Science quotes on:  |  Alone (61)  |  Matthew Arnold (14)  |  Devote (23)  |  Family (37)  |  Isolation (26)  |  Leisure (11)  |  Live (186)  |  Millions (13)  |  Mortal (19)  |  Physician (232)  |  Self-Sacrifice (5)  |  Work (457)

For nearly twelve years I travelled and lived mostly among uncivilised or completely savage races, and I became convinced that they all possessed good qualities, some of them in a very remarkable degree, and that in all the great characteristics of humanity they are wonderfully like ourselves. Some, indeed, among the brown Polynesians especially, are declared by numerous independent and unprejudiced observers, to be physically, mentally, and intellectually our equals, if not our superiors; and it has always seemed to me one of the disgraces of our civilisation that these fine people have not in a single case been protected from contamination by the vices and follies of our more degraded classes, and allowed to develope their own social and political organislll under the advice of some of our best and wisest men and the protection of our world-wide power. That would have been indeed a worthy trophy of our civilisation. What we have actually done, and left undone, resulting in the degradation and lingering extermination of so fine a people, is one of the most pathetic of its tragedies.
In 'The Native Problem in South Africa and Elsewhere', Independent Review (1906), 11, 182.
Science quotes on:  |  Characteristic (66)  |  Civilization (155)  |  Contamination (4)  |  Degradation (12)  |  Development (228)  |  Disgrace (6)  |  Extermination (10)  |  Folly (27)  |  Humanity (104)  |  Intellect (157)  |  Observer (33)  |  Organism (126)  |  Political (31)  |  Race (76)  |  Savage (23)  |  Trophy (2)  |  Vice (15)

I have been asked whether I would agree that the tragedy of the scientist is that he is able to bring about great advances in our knowledge, which mankind may then proceed to use for purposes of destruction. My answer is that this is not the tragedy of the scientist; it is the tragedy of mankind.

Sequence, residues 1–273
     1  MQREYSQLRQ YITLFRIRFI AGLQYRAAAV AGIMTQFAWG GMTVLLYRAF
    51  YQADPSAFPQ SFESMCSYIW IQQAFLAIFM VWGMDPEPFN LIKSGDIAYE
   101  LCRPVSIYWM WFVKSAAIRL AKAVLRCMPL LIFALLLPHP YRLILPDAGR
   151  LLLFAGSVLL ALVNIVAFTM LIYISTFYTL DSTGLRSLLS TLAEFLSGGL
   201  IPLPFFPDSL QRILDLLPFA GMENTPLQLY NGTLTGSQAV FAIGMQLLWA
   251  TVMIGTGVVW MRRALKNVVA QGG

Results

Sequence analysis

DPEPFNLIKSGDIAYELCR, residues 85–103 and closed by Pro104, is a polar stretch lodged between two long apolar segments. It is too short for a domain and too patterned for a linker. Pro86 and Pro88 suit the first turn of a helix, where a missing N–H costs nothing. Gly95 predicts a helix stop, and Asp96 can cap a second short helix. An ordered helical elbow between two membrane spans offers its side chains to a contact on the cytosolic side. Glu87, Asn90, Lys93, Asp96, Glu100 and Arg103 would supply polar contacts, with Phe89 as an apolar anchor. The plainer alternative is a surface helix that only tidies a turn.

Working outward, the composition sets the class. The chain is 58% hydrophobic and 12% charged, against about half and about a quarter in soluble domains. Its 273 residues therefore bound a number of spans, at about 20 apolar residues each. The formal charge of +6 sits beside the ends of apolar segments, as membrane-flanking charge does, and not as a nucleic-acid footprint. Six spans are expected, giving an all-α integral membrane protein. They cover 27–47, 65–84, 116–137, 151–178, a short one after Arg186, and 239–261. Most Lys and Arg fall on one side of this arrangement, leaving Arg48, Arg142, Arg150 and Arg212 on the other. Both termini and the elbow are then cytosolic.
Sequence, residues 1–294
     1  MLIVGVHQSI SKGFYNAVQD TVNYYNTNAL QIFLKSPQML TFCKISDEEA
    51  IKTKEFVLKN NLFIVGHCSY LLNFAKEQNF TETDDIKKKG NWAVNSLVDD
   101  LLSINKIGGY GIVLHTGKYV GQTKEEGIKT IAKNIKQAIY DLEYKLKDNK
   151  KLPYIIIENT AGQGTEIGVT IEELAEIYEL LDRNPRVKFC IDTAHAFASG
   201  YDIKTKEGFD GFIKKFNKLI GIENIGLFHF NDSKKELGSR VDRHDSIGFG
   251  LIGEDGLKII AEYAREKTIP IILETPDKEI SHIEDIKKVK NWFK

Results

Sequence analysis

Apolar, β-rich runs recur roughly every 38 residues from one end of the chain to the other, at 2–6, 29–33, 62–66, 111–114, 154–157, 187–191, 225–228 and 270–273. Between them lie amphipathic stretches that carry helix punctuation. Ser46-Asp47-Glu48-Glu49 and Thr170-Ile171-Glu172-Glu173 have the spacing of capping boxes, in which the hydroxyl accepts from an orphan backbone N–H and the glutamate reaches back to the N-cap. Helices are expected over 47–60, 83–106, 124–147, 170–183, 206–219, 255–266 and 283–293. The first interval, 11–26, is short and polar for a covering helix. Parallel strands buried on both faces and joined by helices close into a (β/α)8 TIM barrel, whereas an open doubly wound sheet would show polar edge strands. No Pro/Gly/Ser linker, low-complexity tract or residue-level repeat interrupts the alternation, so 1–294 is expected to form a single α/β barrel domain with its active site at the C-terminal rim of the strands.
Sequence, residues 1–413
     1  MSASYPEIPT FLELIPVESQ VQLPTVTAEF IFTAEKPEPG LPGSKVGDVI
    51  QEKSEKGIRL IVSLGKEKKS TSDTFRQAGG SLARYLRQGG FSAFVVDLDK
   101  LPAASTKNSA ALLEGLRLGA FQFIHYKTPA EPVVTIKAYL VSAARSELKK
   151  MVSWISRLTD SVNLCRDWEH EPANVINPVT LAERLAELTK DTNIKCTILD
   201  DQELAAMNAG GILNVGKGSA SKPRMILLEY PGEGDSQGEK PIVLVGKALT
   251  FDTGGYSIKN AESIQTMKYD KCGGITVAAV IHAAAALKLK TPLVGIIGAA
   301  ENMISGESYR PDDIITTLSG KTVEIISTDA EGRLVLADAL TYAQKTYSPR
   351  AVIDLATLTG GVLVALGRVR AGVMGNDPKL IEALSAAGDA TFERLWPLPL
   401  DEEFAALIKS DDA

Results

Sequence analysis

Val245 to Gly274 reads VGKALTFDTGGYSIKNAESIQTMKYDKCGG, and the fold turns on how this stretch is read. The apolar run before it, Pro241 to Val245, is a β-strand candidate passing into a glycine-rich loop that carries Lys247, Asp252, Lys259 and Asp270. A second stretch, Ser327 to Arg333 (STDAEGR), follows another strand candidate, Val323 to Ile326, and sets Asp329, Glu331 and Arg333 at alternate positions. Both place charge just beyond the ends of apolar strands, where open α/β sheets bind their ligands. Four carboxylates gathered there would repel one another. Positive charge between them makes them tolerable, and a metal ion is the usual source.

S. R. Weart and G. W. Sallard (eds.), Leo Szilard: His Version of the Facts (1978), 229.
Science quotes on:  |  Advance (123)  |  Answer (201)  |  Asking (23)  |  Destruction (80)  |  Knowledge (1128)  |  Mankind (196)  |  Proceeding (13)  |  Purpose (138)  |  Question (315)  |  Scientist (447)

Imagine a room awash in gasoline, and there are two implacable enemies in that room. One of them has nine thousand matches. The other has seven thousand matches. Each of them is concerned about who's ahead, who's stronger. Well that's the kind of situation we are actually in. The amount of weapons that are available to the United States and the Soviet Union are so bloated, so grossly in excess of what's needed to dissuade the other, that if it weren't so tragic, it would be laughable. What is necessary is to reduce the matches and to clean up the gasoline.
From Sagan's analogy about the nuclear arms race and the need for disarmament, during a panel discussion in ABC News Viewpoint following the TV movie The Day After (20 Nov 1983). Transcribed by Webmaster from a video recording. It is seen misquoted in summary form as “The nuclear arms race is like two sworn enemies standing waist deep in gasoline, one with three matches, the other with five.”